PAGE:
Title

An Ethnographic Study of Nursing on a Surgery Ship Providing Humanitarian Care

Awarding Institution

University of Technology, Sydney

Date of Award

1-2021

Embargo Period

12-2020

Degree Type

Thesis

Degree Name

Doctor of Philosophy (PhD)

Faculty

Health

First Advisor

Professor Doug Elliott

Second Advisor

Professor Debra Jackson

Staff Classification

Permanent

Abstract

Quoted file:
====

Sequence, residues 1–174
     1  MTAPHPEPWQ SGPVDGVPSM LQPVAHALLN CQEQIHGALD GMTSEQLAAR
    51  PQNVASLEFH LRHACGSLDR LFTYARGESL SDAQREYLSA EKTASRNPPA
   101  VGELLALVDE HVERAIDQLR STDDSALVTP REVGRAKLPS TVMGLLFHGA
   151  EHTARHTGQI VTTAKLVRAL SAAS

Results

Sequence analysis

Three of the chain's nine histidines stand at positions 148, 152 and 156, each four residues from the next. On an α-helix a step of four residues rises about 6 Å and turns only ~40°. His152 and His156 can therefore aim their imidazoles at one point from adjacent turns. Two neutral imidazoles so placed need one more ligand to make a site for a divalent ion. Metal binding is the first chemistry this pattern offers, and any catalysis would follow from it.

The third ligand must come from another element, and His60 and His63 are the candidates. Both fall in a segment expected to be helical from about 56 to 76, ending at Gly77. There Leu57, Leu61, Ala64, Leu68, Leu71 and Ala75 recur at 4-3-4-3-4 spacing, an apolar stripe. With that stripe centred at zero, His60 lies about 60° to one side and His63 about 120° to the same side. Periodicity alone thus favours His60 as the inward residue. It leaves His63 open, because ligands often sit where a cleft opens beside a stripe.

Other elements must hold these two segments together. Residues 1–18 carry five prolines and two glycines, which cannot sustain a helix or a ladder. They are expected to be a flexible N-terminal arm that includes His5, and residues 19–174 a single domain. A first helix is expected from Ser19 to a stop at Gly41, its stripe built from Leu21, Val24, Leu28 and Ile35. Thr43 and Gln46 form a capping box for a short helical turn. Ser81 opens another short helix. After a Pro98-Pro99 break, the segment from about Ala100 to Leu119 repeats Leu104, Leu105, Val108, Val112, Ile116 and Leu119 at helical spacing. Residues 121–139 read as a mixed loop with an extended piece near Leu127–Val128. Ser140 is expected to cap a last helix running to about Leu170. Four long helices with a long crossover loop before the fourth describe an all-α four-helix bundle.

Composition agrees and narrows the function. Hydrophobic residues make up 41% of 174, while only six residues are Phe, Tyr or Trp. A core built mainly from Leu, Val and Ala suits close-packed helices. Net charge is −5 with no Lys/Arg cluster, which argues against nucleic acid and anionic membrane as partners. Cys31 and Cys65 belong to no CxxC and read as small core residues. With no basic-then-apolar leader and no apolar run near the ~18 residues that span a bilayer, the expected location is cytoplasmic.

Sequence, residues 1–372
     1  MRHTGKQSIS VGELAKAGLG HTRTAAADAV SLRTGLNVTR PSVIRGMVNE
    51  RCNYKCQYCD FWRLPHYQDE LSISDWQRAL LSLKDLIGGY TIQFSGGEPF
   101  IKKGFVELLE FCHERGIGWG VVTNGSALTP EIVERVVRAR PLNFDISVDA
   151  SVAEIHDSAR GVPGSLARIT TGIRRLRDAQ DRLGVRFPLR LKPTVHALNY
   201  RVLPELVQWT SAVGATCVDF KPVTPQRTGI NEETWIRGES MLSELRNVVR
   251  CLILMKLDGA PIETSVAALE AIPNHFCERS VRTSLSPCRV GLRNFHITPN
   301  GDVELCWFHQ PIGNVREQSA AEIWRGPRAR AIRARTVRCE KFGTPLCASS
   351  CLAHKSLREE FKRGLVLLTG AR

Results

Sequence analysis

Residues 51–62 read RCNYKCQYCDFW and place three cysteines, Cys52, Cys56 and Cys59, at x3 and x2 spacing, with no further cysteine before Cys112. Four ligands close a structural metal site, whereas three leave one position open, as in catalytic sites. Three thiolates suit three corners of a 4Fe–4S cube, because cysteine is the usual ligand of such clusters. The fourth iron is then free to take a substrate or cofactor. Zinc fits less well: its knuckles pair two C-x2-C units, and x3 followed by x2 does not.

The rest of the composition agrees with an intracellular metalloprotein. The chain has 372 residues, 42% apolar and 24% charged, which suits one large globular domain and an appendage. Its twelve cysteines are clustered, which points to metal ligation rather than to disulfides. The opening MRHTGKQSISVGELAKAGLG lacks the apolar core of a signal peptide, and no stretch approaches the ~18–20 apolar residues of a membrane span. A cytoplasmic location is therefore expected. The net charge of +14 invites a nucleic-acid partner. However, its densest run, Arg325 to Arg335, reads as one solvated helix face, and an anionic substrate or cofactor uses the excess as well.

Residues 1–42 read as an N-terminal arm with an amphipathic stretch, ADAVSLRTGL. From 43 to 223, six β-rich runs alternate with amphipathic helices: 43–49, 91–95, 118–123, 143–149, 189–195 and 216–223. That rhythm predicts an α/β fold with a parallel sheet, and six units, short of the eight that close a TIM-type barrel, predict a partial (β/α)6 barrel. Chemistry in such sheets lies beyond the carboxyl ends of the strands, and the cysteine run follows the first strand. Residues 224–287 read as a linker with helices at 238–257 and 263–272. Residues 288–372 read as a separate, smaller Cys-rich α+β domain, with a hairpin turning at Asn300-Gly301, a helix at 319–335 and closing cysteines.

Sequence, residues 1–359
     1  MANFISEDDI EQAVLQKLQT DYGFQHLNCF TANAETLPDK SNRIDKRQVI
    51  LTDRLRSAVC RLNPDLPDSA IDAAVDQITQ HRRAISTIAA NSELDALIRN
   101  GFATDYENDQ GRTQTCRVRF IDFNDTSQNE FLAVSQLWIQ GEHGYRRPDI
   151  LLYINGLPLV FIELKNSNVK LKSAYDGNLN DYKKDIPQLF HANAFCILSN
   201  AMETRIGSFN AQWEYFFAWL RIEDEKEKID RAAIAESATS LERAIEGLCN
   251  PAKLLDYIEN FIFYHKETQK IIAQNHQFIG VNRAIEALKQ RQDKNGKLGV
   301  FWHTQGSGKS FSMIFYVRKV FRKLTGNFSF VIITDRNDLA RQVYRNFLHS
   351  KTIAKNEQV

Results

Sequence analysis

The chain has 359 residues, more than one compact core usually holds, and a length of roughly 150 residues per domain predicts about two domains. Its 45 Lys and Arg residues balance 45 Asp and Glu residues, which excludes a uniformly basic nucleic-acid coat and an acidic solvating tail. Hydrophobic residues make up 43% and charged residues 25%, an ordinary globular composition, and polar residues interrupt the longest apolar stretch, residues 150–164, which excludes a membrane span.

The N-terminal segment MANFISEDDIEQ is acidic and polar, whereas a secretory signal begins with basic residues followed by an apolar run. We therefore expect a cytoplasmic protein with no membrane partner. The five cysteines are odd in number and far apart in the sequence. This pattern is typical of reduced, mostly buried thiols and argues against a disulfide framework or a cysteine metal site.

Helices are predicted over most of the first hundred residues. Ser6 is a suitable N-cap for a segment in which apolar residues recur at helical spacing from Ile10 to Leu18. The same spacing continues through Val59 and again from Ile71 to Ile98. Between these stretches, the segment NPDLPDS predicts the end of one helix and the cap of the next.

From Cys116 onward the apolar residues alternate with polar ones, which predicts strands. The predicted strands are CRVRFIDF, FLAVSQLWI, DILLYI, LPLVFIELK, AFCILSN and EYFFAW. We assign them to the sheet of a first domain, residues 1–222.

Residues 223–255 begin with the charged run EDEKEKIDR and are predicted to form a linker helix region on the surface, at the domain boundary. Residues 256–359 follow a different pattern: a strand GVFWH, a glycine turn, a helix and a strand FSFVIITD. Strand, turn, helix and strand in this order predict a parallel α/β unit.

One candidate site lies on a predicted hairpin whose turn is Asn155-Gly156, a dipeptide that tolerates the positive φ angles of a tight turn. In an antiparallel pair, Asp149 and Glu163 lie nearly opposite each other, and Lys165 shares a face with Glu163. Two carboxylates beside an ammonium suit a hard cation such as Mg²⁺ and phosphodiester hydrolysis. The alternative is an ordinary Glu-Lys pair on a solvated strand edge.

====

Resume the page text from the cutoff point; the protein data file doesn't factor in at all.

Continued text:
Less than half the world’s population has access to essential health services (United Nations, 2020), the majority of whom live in low to middle-income countries (LMICs; Meara et al., 2015). The inability to access health services denies people a life of dignity. To bridge this current gap in the provision of health care, nongovernmental organisations are responding by deploying specialist, short term healthcare teams (Ng-Kamstra et al., 2016). Nurses, as the largest group of health professionals, provide care within those teams. Substantial literature is linked to nurses deployed in a disaster response situation, However, there is limited research into nurses’ roles within teams meeting a humanitarian response outside that urgent disaster context, and what their contribution brings. The purpose of this ethnographic study was to explore nursing involvement within humanitarian healthcare provision to generate insight into the area of humanitarian nursing in an acute, short term, nondisaster context and to extend the research literature surrounding this topic. The study was framed within the context of a faith-based nongovernmental organisation delivering specialist surgery on a civilian hospital ship. The aim was to advance the mission and purpose of humanitarian (nondisaster) nursing, providing a detailed description of the culture of nursing care in that setting. An interpretivist standpoint, influenced by a social constructivist theoretical position, was taken. Data were collected over 6 months, using participant observation, a reflection of artefacts, and the collective voice of volunteer nurses. Thematic analysis was conducted considering Consolidated Criteria for Reporting Qualitative Research (COREQ) guidelines. Findings elucidated nursing within the context of a community of nursing practice (CoNP), revealing four major themes: (1) “What drew us here?” (expressions of motivation), (2) “Who we are and how we do what we do” (expressions of engagement), (3) challenges (embracing change), and (4) development (expressions of transformation). This study contributes new knowledge by describing the culture of nursing and how nurses enact their care in a previously undescribed humanitarian context. Based on the analysis of findings, a professional practice model (PPM) named HHEALED was proposed. An in-depth application of the model was made to the specific organisational context framing the study. Recommendations arising from this study address nurses’ social and professional roles within humanitarian care that could further validate and strengthen policies and programs for the delivery of humanitarian health care for a mobile platform providing specialist surgical care.

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